• The power of opportunity and creativity

    I read somewhere that failure opens our minds up to new threats and the anticipated escape routes available to counteract the threats. This opens up our minds to new ways of thinking, perceptions, and possibilities — in other words, we become more creative as a result. Eloise Ristad expressed this another way – “When we give ourselves permission to fail, we, at the same time, give ourselves permission to excel.”

    The story is told of a man whose small business was failing: “He was paying a sheriff five dollars a day to postpone judgement on his small factory. Then came the gas man, and because he couldn’t pay his bill, he promptly cut off his gas. The businessman was in the midst of certain very important experiments, and to have the gas people plunge him into darkness made him so mad that at once he began to read up on gas technique and economics, and resolved he would try to see if electricity couldn’t be made to replace gas and give those gas people a run for their money. That man was Thomas Edison, founder of General Electric.” – Bob and Debby Gass.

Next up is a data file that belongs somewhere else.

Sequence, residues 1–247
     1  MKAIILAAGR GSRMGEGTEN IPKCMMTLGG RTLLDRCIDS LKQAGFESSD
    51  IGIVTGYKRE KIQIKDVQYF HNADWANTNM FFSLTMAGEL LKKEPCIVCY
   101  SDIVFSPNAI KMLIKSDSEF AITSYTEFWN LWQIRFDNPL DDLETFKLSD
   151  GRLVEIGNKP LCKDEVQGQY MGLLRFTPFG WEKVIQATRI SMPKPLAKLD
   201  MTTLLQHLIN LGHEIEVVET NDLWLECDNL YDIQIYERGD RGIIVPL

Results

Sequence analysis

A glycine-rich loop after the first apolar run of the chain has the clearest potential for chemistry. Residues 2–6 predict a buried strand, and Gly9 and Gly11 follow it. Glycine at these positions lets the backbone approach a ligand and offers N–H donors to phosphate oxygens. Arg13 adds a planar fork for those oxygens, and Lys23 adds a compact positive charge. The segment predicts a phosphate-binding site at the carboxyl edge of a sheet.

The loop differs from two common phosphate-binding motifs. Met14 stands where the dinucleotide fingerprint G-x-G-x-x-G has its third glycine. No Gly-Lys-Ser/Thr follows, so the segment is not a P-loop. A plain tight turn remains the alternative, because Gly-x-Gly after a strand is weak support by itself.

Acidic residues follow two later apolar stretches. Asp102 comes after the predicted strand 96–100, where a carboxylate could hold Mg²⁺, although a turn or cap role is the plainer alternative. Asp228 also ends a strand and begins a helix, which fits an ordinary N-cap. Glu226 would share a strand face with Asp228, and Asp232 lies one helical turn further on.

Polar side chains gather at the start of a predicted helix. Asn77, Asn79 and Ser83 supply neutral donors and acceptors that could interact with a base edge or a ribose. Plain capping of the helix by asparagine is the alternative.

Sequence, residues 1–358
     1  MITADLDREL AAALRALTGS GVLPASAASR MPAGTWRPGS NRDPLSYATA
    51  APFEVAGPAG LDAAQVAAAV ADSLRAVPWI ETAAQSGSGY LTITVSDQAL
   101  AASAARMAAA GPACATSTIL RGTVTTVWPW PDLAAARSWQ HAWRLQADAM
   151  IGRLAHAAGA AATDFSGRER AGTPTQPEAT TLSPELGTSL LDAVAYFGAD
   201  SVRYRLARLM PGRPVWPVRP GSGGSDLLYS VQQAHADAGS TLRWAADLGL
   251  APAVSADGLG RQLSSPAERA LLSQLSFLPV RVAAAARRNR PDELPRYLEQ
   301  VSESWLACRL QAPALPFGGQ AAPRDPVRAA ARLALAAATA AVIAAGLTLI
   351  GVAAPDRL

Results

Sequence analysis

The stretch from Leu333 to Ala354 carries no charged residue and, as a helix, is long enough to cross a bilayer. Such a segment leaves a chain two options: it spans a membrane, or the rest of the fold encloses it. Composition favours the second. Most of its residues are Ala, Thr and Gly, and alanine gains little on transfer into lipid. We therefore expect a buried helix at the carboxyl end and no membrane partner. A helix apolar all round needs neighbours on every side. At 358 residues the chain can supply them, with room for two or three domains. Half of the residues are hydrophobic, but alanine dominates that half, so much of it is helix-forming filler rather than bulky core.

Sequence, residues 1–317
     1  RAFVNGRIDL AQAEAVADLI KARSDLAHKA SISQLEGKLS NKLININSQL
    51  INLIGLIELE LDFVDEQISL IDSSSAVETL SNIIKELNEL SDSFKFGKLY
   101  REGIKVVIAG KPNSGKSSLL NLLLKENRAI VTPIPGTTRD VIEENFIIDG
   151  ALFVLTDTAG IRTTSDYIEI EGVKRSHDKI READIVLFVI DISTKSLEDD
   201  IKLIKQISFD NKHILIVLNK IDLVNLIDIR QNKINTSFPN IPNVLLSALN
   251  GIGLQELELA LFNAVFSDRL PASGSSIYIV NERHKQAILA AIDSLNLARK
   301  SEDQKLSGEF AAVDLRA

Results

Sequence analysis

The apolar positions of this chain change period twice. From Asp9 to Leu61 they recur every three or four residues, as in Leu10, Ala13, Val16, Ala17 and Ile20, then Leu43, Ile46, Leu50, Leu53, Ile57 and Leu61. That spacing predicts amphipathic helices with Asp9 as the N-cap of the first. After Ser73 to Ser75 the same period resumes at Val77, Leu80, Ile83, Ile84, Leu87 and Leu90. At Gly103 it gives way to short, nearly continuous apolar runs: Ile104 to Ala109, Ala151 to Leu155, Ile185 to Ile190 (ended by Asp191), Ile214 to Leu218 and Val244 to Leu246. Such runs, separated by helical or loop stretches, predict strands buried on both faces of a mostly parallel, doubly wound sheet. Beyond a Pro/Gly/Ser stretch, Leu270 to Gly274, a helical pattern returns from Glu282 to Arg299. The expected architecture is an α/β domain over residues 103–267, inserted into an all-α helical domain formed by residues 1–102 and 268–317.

Failure can help us become aware of new ways of doing things. “The truth is, without some painful defeat or failure, we would end up in the wrong place doing the wrong thing.

    • The power of discovering our life purpose and direction through failure

     “Out of pain comes purpose, and out of devastation comes direction” exclaims an author. Jean-Luc is all grown up now and has become a world-class coach. Through his failure, he learnt to develop the art and heart of helping those who were written off by society. He found his life’s purpose – to use his love for people to bring out the best in them. He desires that all the people he meets in life become extraordinary people by discovering and living out their purpose. “Failure is not a person but an event”, says Zig Ziglar. Thomas Edison, after several tries of his experiment, said, “I didn’t fail 1,000 times. The light bulb was an invention with 1,000 steps.”